In chapter 12 of The Just Men of Cordova (1917) by Edgar Wallace, the author is describing a horse race:

The field was at the starting-post: “Your horse is drawn in the middle,” she said.

He put up his glasses. He could see the chocolate and green plainly enough. Sir Isaac’s—grey vertical stripes on white, yellow cap—was also easy to see. He had drawn the inside right.

The field was giving the starter all the trouble that twenty-four high-spirited thoroughbreds could give to any man. For ten minutes they backed and sidled and jumped and kicked and circled before the two long tapes. With exemplary patience the starter waited, directing, imploring almost, commanding and, it must be confessed, swearing, for he was a North-country starter who had no respect for the cracks of the jockey world.

For Sir Isaac the period of waiting had increased the tension. His hands were shaking, his glasses went up and down, jerkily; he was in an agony of apprehension, when suddenly the white tape swung up, the field bunched into three sections, then spread again and, like a cavalry regiment, came thundering down the slight declivity on its homeward journey.

“They’re off!”

A roar of voices. Every glass was focused on the oncoming field. There was nothing in it for two furlongs; the start had been a splendid one. They came almost in a dead line. Then something on the rail shot out a little: it was Timbolino, going with splendid smoothness.

“That looks like the winner,” said Horace philosophically. “Mine’s shut in.”

In the middle of the course the jockey on Nemesis, seeking an opening, had dashed his mount to one which was impossible.

He found himself boxed between two horses, the riders of which showed no disposition to open out for him. The field was half-way on its journey when the boy pulled the filly out of the trap and “came round his horses.

Timbolino had a two-length clear lead of Colette, which was a length clear of a bunch of five; Nemesis, when half the journey was done, was lying eighth or ninth.

Actually I don't have much knowledge about the horse racing, and I searched a lot about the possible meanings of these bolded words, but I didn't get them.

  1. Do these "colours and cap" refer to garments of the horse or clothes of the jockey?

  2. It seems that "on its homeward journey" refers to "the field of horses", but aren't they supposed to be going to the finish line?! So what's meant by "homeward" here?

  3. I think that "come round his horses" means "rejoin the other horses", but why did the author used "his" and why did he put it between quotation marks?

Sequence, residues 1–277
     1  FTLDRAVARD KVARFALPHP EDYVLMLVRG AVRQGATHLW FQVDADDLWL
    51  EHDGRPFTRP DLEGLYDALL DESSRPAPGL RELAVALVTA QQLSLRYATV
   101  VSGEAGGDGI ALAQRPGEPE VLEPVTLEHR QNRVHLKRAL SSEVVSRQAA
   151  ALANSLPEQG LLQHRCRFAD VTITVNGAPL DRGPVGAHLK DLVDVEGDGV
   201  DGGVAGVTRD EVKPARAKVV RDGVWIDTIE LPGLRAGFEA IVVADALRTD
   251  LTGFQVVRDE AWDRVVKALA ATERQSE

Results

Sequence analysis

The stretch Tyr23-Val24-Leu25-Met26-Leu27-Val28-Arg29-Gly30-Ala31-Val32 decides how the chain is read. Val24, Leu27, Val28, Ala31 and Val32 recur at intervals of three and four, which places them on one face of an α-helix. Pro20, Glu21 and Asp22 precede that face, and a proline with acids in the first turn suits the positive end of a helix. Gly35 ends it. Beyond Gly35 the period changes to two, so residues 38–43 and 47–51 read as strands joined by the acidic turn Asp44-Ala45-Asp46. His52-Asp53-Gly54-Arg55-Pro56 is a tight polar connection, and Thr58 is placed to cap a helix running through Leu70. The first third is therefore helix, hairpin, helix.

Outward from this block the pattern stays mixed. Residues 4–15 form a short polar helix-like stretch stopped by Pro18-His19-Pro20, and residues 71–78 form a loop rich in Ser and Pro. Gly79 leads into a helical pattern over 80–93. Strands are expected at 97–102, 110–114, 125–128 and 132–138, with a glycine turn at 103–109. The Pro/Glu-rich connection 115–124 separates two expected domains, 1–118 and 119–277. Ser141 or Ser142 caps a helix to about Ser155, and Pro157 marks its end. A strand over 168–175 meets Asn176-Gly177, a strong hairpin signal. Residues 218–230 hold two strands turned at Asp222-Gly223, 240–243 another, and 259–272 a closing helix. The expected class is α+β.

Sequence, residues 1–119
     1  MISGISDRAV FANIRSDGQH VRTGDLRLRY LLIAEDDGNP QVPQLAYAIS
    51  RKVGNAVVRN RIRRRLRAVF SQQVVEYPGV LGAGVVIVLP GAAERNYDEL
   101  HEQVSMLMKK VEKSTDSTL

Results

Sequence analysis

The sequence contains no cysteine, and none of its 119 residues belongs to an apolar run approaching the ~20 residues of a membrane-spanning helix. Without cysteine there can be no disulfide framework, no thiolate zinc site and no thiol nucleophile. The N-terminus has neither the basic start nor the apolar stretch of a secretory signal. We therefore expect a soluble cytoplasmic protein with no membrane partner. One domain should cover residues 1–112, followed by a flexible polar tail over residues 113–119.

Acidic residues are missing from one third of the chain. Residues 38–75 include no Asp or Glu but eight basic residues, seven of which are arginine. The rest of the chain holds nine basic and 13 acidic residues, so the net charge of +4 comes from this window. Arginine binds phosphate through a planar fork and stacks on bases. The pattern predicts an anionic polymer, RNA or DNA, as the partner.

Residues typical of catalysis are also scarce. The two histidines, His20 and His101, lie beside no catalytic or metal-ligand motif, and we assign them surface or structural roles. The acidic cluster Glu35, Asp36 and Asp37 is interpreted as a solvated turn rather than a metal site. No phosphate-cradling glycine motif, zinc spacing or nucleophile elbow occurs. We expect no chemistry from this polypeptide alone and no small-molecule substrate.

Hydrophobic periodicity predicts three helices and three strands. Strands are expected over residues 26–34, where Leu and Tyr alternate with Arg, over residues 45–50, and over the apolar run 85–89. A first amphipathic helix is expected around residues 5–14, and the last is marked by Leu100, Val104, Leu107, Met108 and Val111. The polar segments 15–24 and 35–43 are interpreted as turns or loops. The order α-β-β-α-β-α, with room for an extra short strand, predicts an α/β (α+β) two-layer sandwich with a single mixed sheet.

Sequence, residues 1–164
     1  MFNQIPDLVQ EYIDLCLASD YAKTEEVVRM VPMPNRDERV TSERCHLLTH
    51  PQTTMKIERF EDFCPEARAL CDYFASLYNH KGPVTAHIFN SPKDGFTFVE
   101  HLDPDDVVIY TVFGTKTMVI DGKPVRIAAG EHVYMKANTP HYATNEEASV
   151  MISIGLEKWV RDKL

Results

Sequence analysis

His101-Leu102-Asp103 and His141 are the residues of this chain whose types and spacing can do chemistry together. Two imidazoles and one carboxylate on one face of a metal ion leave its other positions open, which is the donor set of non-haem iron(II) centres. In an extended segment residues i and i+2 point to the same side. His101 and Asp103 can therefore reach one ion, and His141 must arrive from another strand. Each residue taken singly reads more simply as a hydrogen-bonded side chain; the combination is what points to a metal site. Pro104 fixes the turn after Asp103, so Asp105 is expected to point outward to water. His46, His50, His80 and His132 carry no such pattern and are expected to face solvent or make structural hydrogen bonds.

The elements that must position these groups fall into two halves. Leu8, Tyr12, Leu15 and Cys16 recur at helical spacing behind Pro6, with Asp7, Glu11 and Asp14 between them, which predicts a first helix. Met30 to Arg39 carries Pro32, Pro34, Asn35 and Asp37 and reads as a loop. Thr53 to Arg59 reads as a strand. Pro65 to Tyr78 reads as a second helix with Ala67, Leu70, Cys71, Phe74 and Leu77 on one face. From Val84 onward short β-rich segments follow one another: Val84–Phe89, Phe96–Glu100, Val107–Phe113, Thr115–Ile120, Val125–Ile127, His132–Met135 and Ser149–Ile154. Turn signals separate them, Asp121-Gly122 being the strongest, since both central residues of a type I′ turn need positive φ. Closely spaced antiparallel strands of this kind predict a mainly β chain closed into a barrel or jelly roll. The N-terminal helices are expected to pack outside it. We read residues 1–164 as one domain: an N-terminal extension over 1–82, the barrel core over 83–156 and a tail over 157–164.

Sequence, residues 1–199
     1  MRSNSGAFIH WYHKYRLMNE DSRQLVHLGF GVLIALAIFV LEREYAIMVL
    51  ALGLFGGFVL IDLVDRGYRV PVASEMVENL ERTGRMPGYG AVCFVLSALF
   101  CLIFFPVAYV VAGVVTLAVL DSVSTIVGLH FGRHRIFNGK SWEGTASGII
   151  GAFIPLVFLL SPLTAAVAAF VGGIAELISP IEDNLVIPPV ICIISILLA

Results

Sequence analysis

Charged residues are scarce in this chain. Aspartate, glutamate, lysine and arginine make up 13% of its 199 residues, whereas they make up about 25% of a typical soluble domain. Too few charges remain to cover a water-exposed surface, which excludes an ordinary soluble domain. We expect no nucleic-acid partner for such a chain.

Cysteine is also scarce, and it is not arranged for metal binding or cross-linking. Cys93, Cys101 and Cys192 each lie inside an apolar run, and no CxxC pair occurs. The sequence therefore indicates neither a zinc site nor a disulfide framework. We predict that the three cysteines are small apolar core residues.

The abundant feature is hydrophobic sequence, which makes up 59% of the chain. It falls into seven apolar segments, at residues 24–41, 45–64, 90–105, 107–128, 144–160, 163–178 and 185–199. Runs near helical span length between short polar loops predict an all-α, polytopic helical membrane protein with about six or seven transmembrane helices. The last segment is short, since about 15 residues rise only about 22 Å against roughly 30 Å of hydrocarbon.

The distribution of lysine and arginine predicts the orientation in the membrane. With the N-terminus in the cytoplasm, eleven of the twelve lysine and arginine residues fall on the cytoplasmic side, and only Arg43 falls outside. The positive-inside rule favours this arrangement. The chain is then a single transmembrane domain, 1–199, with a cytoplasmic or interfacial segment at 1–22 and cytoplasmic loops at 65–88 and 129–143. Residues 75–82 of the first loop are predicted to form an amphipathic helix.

1 Answer 1

  1. ‘Colours and cap’ refers to the racing ‘silks’ worn by the jockeys to aid identification during the race. The colours are registered to the horse-owners, in the UK the register is kept by the British Horseracing Authority.

Chart with stylised drawing of a jockey’s silk shirt and cap. The base drawing repeated over several rows and columns with each iteration showing a different design of eye catching colours

  1. The length of straight track, from the final bend to the finish line is called the ‘Home Straight’. So their homeward journey doesn’t mean their journey back to their home stables, but towards the home straight and the Post/Finishing Line.

  2. I’m not finding any definition online for "come round his horses", but searching in this and similar phrases makes clear that it is applied when a rider has got boxed in and cannot go ‘through’ the horses around him, but has to first drop back a little to go around them. So it isn’t rejoining the other horses, but getting around the two who wouldn’t let him pass between.The phrase appears dated, mostly appearing in archived newspapers rather than current race commentary.

I can’t track down why ‘his’ rather than ‘the horses’, but this is consistent in search results. If you try changing ‘his’ to ‘the’ you immediately lose racing-specific results. Which I think explains why it’s in inverted commas, it’s a set phrase that doesn’t appear to entirely make sense, so the author is indicating that it is a set phrase, part of the industry jargon, rather than his own coinage.

Your Answer

By clicking “Post Your Answer”, you agree to our terms of service and acknowledge you have read our privacy policy.

Not the answer you're looking for? Browse other questions tagged or ask your own question.